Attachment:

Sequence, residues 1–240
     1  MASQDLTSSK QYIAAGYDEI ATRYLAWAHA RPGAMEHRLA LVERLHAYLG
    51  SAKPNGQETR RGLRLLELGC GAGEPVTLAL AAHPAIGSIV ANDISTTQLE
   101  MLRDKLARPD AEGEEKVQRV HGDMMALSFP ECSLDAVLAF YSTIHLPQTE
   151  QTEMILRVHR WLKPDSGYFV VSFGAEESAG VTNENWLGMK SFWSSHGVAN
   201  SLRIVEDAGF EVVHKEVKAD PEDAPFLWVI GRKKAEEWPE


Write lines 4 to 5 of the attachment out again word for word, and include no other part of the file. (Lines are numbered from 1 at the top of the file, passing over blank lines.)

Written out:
   101  MLRDKLARPD AEGEEKVQRV HGDMMALSFP ECSLDAVLAF YSTIHLPQTE
   151  QTEMILRVHR WLKPDSGYFV VSFGAEESAG VTNENWLGMK SFWSSHGVAN